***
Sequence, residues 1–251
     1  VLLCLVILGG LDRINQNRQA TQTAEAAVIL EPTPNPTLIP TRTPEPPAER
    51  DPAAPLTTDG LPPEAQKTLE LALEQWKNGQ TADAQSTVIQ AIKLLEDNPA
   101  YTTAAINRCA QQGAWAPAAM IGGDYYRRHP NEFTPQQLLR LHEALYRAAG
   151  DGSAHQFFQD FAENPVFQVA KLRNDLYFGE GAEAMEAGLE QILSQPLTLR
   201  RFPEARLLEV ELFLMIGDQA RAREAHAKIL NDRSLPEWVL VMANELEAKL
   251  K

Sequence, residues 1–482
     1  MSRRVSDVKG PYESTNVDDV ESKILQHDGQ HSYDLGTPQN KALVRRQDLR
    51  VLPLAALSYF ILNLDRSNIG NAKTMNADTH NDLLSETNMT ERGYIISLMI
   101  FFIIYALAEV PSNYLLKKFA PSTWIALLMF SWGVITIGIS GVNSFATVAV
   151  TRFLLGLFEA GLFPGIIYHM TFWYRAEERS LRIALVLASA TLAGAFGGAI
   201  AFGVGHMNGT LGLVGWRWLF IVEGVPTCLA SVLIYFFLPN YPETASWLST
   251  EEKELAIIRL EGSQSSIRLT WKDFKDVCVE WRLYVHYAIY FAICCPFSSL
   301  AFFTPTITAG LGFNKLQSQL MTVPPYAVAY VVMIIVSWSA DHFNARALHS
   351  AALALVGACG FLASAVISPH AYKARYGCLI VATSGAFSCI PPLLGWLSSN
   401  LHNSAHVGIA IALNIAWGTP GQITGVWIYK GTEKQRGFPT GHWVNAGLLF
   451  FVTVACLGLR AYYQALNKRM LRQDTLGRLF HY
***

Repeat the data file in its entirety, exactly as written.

Sequence, residues 1–251
     1  VLLCLVILGG LDRINQNRQA TQTAEAAVIL EPTPNPTLIP TRTPEPPAER
    51  DPAAPLTTDG LPPEAQKTLE LALEQWKNGQ TADAQSTVIQ AIKLLEDNPA
   101  YTTAAINRCA QQGAWAPAAM IGGDYYRRHP NEFTPQQLLR LHEALYRAAG
   151  DGSAHQFFQD FAENPVFQVA KLRNDLYFGE GAEAMEAGLE QILSQPLTLR
   201  RFPEARLLEV ELFLMIGDQA RAREAHAKIL NDRSLPEWVL VMANELEAKL
   251  K

Sequence, residues 1–482
     1  MSRRVSDVKG PYESTNVDDV ESKILQHDGQ HSYDLGTPQN KALVRRQDLR
    51  VLPLAALSYF ILNLDRSNIG NAKTMNADTH NDLLSETNMT ERGYIISLMI
   101  FFIIYALAEV PSNYLLKKFA PSTWIALLMF SWGVITIGIS GVNSFATVAV
   151  TRFLLGLFEA GLFPGIIYHM TFWYRAEERS LRIALVLASA TLAGAFGGAI
   201  AFGVGHMNGT LGLVGWRWLF IVEGVPTCLA SVLIYFFLPN YPETASWLST
   251  EEKELAIIRL EGSQSSIRLT WKDFKDVCVE WRLYVHYAIY FAICCPFSSL
   301  AFFTPTITAG LGFNKLQSQL MTVPPYAVAY VVMIIVSWSA DHFNARALHS
   351  AALALVGACG FLASAVISPH AYKARYGCLI VATSGAFSCI PPLLGWLSSN
   401  LHNSAHVGIA IALNIAWGTP GQITGVWIYK GTEKQRGFPT GHWVNAGLLF
   451  FVTVACLGLR AYYQALNKRM LRQDTLGRLF HY